Former South Korean President Roh Moo-hyun, embroiled in a broadening corruption scandal, died from a fall today in the mountains behind his rural southern home. He left behind a suicide note, his lawyer said.
Mr Roh, 62, had been hiking in the mountains in the village of Bongha when he fell.
He was rushed from his hometown of Gimhae to Busan National University Hospital early today but died around 0030 GMT of head injuries, said hospital officials.
The former president left a “brief” suicide note for his family, lawyer Moon Jae-in told reporters at the hospital.
Investigators have not seen the note, a Busan police official said. He did not give his name, citing department policy.
Mr Roh, a former human rights lawyer, served as president from 2003 and 2008, campaigning as a “clean” politician in a country with a long history of corruption.
But he and his family have been ensnared in recent weeks in a burgeoning bribery scandal.
Last month, state prosecutors questioned Mr Roh for some 13 hours about allegations that he accepted more than six million US dollars in bribes from a South Korean businessman while president – accusations that deeply shamed Mr Roh.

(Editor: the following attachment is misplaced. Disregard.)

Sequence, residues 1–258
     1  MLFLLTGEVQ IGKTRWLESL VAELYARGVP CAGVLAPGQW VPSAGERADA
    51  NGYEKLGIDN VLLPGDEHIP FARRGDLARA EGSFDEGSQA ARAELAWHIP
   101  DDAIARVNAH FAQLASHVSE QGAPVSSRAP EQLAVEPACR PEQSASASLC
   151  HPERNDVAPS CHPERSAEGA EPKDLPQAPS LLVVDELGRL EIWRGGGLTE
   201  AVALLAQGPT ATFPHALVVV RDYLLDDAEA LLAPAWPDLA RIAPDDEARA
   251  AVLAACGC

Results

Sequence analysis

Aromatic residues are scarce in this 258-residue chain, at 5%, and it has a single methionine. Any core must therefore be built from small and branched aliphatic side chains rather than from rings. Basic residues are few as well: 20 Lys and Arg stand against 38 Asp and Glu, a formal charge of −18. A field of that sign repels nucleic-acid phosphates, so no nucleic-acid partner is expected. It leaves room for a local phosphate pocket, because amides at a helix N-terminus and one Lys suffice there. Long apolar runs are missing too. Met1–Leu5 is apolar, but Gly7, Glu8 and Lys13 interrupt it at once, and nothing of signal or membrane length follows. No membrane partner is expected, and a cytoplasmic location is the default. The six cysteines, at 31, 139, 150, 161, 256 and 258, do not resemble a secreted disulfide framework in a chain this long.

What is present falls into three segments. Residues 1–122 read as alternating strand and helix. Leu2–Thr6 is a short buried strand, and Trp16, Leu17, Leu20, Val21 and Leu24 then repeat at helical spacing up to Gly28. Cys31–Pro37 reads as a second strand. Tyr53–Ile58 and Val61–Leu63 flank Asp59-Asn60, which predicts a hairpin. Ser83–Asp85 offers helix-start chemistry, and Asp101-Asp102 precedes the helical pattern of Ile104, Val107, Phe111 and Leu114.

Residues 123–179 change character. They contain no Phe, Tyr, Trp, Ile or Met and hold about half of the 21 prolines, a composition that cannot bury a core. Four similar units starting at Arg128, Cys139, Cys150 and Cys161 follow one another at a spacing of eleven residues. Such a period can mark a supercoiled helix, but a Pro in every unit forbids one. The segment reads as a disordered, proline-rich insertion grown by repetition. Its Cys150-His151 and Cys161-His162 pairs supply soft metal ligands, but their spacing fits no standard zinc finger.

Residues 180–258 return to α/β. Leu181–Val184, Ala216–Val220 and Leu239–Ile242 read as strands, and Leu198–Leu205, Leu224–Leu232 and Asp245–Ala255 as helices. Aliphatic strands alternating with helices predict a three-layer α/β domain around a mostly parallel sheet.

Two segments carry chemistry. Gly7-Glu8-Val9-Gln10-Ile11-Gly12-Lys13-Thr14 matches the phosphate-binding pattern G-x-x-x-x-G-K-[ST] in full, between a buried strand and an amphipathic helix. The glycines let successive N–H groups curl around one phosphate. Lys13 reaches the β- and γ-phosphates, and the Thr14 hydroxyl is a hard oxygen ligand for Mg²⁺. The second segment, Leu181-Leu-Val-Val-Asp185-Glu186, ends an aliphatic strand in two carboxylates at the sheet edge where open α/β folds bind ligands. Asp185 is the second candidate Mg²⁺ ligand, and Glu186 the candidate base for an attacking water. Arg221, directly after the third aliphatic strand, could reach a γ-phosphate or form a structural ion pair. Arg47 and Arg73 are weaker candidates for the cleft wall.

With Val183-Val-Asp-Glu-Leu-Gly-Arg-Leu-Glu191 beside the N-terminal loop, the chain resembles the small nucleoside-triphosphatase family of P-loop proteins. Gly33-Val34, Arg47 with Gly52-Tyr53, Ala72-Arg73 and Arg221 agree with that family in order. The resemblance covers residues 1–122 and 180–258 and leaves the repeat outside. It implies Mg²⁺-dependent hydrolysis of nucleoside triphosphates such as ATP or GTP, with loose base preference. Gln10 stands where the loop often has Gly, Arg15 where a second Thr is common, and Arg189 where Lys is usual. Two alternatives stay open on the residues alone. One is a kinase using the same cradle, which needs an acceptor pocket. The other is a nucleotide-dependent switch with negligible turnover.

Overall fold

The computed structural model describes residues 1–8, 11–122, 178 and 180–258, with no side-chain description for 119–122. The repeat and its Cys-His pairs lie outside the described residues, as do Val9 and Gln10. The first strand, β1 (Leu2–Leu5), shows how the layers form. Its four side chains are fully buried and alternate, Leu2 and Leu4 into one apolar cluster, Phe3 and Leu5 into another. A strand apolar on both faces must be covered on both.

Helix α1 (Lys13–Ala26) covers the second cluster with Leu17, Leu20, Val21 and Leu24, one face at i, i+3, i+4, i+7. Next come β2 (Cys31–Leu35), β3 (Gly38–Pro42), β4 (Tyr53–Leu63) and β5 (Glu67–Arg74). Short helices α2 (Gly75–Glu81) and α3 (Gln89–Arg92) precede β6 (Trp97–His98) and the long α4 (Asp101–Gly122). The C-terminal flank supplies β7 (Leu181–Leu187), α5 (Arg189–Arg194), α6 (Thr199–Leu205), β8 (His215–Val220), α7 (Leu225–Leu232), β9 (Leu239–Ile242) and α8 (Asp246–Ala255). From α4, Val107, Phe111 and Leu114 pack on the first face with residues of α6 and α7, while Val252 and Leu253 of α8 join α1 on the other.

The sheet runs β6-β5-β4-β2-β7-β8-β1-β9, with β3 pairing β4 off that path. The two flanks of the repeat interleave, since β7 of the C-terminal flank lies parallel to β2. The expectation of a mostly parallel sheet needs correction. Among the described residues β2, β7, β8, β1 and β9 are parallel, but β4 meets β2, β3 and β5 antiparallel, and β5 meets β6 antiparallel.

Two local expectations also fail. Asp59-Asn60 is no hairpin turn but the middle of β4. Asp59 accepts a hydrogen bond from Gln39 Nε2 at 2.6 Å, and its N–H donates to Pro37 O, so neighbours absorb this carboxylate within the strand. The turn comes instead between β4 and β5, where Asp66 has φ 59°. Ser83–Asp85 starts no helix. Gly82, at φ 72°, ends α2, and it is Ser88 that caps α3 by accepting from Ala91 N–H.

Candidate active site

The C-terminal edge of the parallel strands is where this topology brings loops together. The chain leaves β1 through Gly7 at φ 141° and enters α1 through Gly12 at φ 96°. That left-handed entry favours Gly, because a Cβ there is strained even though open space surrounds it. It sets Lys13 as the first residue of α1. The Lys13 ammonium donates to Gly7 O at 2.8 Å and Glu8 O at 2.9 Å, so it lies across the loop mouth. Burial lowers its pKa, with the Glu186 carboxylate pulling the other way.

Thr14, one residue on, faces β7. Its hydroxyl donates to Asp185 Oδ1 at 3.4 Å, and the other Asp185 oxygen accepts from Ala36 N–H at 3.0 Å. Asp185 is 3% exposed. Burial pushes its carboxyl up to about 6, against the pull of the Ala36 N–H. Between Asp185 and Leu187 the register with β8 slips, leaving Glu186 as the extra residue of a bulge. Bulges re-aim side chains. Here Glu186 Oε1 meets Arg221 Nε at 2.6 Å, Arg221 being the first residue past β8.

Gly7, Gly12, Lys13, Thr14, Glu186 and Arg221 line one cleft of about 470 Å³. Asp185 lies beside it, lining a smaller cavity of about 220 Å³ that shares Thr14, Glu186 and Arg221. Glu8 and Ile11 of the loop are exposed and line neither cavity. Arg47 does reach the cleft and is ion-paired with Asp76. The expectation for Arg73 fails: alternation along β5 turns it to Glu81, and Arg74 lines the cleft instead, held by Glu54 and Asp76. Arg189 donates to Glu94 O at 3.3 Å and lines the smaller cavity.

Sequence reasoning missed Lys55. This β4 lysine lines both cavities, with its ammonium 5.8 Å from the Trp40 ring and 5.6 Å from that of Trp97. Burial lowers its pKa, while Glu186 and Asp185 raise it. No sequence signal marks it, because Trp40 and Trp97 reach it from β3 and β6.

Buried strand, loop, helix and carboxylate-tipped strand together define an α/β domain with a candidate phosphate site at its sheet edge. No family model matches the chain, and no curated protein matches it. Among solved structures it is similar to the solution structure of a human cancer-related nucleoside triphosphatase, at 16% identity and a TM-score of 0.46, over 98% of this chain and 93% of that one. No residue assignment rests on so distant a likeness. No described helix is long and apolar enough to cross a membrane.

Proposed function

“I have no face to show to the people. I am sorry for disappointing you,” an emotional-looking Mr Roh told reporters on April 30 before departing for questioning in Seoul.
Mr Roh took power after a surprise 2002 election win on a campaign pledge not to “kowtow” to the United States, a pledge that resonated with young voters.
He maintained predecessor President Kim Dae-jung’s “sunshine policy” of offering North Korea aid as a way to facilitate reconciliation, holding a summit in Pyongyang with North Korean leader Kim Jong Il in 2007, the second such meeting between leaders of the wartime rivals.
Mr Roh came from a poor farming family, went to a commercial high school and never received a college education. He studied on his own to pass the difficult bar exam and built a reputation as a lawyer defending students accused of sedition under past military rule. He was once arrested and had his law license suspended for supporting an outlawed labour protest.
Mr Roh was impeached in 2004 for calling on the public to vote for candidates from his Uri Party in parliamentary elections, a violation of the president’s political neutrality.
He was the first South Korean president to be impeached, but was reinstated after two months of suspension when a court ruled against the impeachment.
Mr Roh’s public approval ratings fell amid widespread criticism of his economic policies. His security policies, seen by conservatives as too pro-North Korean, also contributed to the bad ratings.